Does it means the weather is hot or does it means the sun is shinning ? Because in winter, you can have a beautiful sunny sky and extremely low temperatures altogether. For instance in winter you can have 40°F in the resort and 0°F at high altitude.

In my opinion the relevant question is wether it will be hot or cold !

If the weather is cold then you definitely need warm clothes, and as other members have already said, hardshell is really useful against the cold wind. Don't forget that a significant part of your time will be spent doing nothing on the skilift, exposed to wind and cold seats.

If the weather is hot then this is becoming problematic, because you'll be very hot doing a sport with a hardshell in these conditions. I have ever skied in April under hot conditions, and clearly shorts and T-shirt were sufficient.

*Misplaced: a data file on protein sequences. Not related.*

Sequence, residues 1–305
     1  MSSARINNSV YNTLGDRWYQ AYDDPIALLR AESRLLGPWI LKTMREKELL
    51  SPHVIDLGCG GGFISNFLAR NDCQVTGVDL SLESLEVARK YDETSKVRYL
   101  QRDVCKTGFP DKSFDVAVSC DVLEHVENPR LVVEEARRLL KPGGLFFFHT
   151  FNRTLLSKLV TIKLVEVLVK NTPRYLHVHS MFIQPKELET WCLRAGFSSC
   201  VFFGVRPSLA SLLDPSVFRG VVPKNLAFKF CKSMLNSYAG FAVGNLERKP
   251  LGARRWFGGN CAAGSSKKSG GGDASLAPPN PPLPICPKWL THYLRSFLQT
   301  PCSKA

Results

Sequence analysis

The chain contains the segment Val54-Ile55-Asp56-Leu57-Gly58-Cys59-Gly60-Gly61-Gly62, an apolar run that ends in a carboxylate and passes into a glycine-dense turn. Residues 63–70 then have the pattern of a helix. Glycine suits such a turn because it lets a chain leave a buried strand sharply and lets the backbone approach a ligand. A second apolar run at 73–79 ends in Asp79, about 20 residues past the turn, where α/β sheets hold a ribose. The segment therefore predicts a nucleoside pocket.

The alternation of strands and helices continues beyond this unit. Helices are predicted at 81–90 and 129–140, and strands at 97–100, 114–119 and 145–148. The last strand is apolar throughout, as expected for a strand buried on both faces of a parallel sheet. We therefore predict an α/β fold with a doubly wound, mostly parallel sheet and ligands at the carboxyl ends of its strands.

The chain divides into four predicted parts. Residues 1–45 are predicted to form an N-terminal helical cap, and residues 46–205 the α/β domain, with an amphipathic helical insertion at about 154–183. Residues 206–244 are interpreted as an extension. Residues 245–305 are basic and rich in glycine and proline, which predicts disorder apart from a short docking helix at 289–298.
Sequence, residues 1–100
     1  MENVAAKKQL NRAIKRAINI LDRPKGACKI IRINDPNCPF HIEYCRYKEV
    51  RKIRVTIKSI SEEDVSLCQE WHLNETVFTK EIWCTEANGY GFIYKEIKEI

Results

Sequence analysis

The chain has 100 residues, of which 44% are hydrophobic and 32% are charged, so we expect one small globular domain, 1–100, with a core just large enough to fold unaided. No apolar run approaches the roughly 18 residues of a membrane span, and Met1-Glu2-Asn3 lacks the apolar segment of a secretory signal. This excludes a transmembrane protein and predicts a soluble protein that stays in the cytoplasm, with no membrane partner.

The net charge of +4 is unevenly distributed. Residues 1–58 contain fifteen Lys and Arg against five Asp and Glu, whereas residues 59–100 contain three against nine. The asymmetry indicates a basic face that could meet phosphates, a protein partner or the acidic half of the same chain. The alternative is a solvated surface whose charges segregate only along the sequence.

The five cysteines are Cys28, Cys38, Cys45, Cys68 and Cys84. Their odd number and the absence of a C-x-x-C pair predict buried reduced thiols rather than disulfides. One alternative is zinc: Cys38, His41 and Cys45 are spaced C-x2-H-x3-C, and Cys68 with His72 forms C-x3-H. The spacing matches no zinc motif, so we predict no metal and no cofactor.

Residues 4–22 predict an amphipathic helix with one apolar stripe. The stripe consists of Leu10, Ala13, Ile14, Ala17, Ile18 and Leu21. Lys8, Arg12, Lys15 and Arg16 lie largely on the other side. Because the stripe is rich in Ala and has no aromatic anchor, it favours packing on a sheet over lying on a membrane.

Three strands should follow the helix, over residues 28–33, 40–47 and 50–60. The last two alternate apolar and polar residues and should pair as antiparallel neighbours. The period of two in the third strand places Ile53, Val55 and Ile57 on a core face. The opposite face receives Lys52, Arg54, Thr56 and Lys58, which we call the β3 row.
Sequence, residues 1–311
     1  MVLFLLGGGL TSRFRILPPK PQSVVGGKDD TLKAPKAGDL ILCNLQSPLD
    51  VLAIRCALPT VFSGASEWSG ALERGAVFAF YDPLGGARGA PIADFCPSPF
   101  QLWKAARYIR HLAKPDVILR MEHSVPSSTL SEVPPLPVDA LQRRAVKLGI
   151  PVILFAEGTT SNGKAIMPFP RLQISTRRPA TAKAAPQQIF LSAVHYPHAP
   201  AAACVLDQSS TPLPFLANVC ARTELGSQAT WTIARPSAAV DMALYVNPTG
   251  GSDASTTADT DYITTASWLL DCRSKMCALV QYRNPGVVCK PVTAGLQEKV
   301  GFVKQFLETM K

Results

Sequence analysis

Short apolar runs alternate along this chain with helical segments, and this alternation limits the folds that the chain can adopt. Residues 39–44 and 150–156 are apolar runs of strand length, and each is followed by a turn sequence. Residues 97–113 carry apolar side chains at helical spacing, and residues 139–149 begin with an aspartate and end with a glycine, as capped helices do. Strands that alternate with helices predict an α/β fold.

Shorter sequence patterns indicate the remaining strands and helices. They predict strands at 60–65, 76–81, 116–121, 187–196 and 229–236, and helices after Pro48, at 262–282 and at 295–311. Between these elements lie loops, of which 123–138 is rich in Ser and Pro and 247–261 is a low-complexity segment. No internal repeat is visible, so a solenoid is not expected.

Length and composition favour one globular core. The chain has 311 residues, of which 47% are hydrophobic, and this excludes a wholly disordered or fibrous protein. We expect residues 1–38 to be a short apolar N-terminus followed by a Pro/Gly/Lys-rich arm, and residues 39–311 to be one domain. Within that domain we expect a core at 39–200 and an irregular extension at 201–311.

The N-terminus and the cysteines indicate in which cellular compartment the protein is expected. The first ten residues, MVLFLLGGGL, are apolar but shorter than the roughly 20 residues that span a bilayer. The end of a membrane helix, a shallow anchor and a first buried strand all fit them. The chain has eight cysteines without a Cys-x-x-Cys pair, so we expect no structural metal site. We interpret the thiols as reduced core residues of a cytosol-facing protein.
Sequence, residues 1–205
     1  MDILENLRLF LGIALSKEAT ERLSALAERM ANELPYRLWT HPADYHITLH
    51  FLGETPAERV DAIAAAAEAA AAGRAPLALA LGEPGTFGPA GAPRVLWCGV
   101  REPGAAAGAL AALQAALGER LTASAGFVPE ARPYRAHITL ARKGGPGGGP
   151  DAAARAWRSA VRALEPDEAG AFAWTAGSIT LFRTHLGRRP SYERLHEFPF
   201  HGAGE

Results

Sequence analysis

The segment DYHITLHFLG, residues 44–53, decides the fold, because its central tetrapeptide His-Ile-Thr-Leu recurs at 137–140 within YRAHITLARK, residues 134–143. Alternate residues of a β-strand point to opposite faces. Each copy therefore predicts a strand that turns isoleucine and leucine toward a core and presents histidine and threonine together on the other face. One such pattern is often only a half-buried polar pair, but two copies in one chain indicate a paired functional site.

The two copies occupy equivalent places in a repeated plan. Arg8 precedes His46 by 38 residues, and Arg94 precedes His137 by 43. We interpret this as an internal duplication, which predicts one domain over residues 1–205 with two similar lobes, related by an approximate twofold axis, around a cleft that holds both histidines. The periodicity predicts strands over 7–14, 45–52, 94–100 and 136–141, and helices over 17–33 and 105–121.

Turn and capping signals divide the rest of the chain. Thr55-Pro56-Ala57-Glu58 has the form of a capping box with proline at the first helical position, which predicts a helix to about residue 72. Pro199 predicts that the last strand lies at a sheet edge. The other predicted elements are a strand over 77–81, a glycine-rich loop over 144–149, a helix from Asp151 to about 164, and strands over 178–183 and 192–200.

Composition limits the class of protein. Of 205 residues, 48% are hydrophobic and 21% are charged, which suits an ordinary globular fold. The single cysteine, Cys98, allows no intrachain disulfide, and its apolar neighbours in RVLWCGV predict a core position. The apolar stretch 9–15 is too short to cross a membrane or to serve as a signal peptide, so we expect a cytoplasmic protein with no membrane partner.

But there are 2 issues when it is hot:

  • snow is wet, if not small ponds everywhere
  • falling onto bare skin hurts a lot

So as a beginner, I assume you'll fall quite a few times, and get very wet, so water-resistant clothes are definitely a plus (if you wear jeans for instance, they will be wet quickly and will keep this way all day long).

Also to avoid being burnt or tear your clothes apart when falling it is better to have clothes made with solid tissue. The ideal would be to have some hardshell clothes without warm padding.

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This post was sourced from https://outdoors.stackexchange.com/a/14635. It is licensed under CC BY-SA 3.0.

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Since you get a lot of wind skiing you need to break the wind. And you don't need as much breath-ability. But in sunny conditions you can get away with a bit. You are not going to have a lot of speed your first time skiing.

I just saw you live in Houston. If you just have a soft shell for local weather then get a hard shell. At like Academy or an army surplus you can decent shell / rain jacket for $80. A pair heavy wool pants will work fine.

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This post was sourced from https://outdoors.stackexchange.com/a/14616. It is licensed under CC BY-SA 3.0.